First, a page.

From worms to water and everything in between

In his talk, Professor Jason Schnell explores the complex mechanisms driving structural biology. Contextualising his work, he highlights the field’s intersection with other specialisms such as genetics, cell biology and immunology. He then focuses more specifically on the building blocks of life, outlining how genetic code is transferred into proteins via the Central Dogma. Through this process amino acid sequences are converted into protein structures which then serve distinct functions. In order to illustrate this, Professor Schnell then situates this within his own research assessing the protein structures of the influenza virus. As part of this research, Professor Schnell and his colleagues have assessed the role of the crystal-like M1 structure found within the influenza virus. Interestingly, these findings suggest that the M1 structure may aid the process of protein polymerization, with exciting     for our understanding of information flow within a cell.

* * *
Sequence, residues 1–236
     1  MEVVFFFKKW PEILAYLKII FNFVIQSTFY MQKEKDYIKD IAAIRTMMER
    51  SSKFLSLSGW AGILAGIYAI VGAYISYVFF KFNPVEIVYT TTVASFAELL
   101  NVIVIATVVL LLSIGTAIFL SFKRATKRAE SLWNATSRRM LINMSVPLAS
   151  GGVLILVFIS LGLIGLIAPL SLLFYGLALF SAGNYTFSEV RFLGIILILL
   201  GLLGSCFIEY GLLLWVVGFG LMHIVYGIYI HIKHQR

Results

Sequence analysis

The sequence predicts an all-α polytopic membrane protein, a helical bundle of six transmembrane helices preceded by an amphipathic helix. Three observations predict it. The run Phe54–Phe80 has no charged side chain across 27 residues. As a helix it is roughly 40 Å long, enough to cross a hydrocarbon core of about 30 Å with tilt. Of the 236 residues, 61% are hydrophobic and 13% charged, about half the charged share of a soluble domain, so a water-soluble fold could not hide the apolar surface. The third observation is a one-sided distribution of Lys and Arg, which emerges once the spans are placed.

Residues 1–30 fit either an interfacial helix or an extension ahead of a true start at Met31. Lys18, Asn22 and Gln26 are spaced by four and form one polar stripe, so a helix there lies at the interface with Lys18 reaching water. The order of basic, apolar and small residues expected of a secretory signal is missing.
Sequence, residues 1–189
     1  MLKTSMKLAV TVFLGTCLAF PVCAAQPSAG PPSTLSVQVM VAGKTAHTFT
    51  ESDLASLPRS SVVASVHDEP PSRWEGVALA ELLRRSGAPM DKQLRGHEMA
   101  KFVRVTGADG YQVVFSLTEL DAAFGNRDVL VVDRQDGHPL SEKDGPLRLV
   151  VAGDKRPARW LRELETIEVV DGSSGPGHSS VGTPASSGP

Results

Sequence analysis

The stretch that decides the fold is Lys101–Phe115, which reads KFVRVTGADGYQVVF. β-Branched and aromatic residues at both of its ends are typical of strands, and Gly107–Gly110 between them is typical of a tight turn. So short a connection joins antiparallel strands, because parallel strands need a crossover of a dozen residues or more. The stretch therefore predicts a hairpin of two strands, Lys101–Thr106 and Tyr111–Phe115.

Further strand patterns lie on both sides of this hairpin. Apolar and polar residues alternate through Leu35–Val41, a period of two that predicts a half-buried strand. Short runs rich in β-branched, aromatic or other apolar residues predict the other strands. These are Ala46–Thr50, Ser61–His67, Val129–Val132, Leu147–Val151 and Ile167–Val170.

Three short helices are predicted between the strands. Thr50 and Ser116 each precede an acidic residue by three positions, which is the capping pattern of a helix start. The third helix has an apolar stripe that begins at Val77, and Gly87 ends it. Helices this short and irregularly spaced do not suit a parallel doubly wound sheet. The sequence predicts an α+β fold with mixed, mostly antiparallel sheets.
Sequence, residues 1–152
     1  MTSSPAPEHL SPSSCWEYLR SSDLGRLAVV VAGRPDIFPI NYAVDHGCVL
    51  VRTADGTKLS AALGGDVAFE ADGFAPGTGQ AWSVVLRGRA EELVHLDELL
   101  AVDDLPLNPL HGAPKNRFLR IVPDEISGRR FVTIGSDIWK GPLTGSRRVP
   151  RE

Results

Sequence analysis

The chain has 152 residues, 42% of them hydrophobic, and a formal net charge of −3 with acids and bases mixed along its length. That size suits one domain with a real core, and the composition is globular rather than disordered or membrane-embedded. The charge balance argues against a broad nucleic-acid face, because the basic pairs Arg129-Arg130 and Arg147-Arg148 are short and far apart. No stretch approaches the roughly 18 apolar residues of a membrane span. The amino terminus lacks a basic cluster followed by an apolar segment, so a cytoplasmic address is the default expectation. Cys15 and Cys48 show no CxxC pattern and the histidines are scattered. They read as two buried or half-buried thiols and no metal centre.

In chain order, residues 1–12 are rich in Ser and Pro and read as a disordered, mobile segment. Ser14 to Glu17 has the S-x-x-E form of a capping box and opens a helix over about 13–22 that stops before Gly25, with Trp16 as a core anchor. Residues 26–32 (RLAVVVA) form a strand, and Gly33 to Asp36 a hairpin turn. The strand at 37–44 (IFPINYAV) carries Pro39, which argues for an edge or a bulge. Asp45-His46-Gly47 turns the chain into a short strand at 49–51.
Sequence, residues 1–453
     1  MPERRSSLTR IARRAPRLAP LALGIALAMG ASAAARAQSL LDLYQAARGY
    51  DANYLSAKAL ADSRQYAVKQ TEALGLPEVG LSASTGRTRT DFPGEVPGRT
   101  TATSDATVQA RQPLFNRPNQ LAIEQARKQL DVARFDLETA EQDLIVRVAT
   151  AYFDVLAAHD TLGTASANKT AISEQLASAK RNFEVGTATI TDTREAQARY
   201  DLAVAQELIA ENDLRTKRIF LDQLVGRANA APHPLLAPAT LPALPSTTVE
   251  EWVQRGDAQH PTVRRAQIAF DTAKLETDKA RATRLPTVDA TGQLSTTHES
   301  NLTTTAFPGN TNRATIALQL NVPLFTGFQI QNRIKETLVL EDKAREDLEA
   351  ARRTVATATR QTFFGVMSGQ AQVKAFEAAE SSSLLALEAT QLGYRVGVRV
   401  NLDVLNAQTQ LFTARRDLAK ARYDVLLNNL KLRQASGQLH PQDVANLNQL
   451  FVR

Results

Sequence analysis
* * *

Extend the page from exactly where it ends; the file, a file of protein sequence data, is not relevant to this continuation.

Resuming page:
Professor Jason Schnell<br>
Professor Jason Schnell

Professor Schnell joined St. John’s College as the Tutorial Fellow in Biochemistry in Michaelmas Term 2009. In addition to tutoring Biochemists, he provides tutorials in biochemistry to the first year Biologists, Biomedical Scientists, and pre-clinical Medics at St. John’s. For the Department of Biochemistry Professor Schnell provides a lecture series in Protein Structure and Chemistry to all first year Biochemists and Biomedical Scientists and another series on Biomolecular NMR to third year Biochemists. You can read more about Professor Schnell and his research and teaching here.

Did you enjoy watching this lecture? Explore more about this topic and the other taster lectures from this Session in our Further Reading Booklet.